Tuesday, September 12, 2017
Pain Focuses The Mind
Pain and infirmity can put things in perspective.
Another day in the hospital, this time in the emergency room. Not that I had an emergency, but that we were traveling and I had another diverticulitis attack. And it wasn't fun. Not only were my guts hurting, but when I took ibuprofen (which I am allergic to, apparently, thank you God!) I was breaking out in hives. My eyes were so swollen, I looked like Rip Torn. Then throw in vertigo and well, I ain't feeling so slick. I am hoping that since I hit my deductible under Obamacare, this won't cost me too much this time around. But I have to stop wearing those backless gowns - it is getting old, even if they also give you a keen bracelet to wear with it.
The hospital in Alexandria Bay, New York is very well staffed and efficient. I was seen by a nurse practitioner who had a lot of more sick people on his hands to deal with. But they actually gave me a cat scan which I am sorry I did not get a copy of, as I could put up a picture proving I have actual guts, as well as a heart. But the bad news is, those guts are rotting out, now in two places, and I have to be a lot more careful about what I eat and drink from now on.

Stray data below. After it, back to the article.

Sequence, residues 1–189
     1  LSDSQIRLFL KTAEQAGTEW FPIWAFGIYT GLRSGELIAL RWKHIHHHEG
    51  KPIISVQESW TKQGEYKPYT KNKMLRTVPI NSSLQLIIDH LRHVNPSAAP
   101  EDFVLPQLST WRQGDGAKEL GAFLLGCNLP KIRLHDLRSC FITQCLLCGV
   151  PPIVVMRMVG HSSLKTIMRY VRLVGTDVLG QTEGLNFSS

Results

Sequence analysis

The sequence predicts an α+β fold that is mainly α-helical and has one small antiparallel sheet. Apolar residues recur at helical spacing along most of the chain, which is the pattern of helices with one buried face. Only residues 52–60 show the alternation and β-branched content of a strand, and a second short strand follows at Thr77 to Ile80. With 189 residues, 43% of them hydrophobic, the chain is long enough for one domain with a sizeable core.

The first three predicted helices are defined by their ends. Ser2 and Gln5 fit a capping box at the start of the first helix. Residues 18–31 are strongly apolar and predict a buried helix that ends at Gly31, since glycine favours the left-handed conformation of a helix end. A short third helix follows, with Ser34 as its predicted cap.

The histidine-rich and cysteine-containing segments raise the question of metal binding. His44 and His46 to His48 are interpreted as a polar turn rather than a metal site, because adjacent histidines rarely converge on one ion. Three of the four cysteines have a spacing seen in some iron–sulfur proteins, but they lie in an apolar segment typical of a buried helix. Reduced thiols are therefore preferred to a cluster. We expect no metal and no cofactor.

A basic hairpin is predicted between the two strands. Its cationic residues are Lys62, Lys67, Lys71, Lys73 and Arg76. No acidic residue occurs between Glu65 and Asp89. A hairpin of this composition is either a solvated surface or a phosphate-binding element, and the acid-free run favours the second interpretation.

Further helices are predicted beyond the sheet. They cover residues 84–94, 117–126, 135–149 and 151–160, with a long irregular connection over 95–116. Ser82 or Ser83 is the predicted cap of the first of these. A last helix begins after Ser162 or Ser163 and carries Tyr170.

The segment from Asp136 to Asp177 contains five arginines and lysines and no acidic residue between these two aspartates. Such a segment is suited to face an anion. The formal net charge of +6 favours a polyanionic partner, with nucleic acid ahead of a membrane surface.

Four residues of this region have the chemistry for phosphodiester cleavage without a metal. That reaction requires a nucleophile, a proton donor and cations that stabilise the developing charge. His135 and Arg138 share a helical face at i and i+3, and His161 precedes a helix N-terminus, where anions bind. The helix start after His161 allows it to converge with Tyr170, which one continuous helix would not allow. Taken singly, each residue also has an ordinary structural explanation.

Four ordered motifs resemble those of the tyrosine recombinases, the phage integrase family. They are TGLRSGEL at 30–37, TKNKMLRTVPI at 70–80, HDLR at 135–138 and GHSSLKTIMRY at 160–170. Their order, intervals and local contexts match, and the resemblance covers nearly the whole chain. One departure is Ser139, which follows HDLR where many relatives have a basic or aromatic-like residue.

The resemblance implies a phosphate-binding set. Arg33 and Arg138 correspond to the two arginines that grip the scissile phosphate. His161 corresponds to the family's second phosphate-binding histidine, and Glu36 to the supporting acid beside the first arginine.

So he prescribes two kinds of antibiotics (not the kind that cause my muscles to detach, this time around, we hope) and my good friend, prednisone. Oh, serious, you can see how easily these steroids are to abuse. Within 24 hours, I go from feeling like throwing myself under a bus to feeling like I can rule the world. There is no greater pleasure in the world than the release from pain. That is how torture works, by the way, not by hurting people to get them to confess, but by offering them release from pain as a reward from confession. People will do anything to make pain stop.
It is positively euphoric when pain stops, and there is a physical and chemical reason for this. When you are in pain, your brain releases endorphins, which are sort of a home-made opiate in your brain, to help alleviate pain. Take away the pain, and well, you are soaked in the damn things and are in fact, quite high on them. So I am feeling quite good right now, in fact, fucking fantastic.
So we decided to buy a boat. I think. We'll see in the next few days, anyway.
Just what we need, a hoary old Chris Craft!
We have enjoyed traveling in the RV, but Mark wants to get back into boating and explore the Thousand Islands, St. Lawrence Seaway, The Rideau Canal, Lake Champlain, the Hudson river, and the Erie canal, the Finger Lakes (at least Seneca and Cayuga, anyway), the Great Lakes, and who knows what else? Maybe the Intra-coastal Waterway as well. Our budget is limited to under $50,000, but of course, the operating costs (including storage, fuel, insurance, docking, etc., will easily exceed $10,000 a year (yes, you read that right).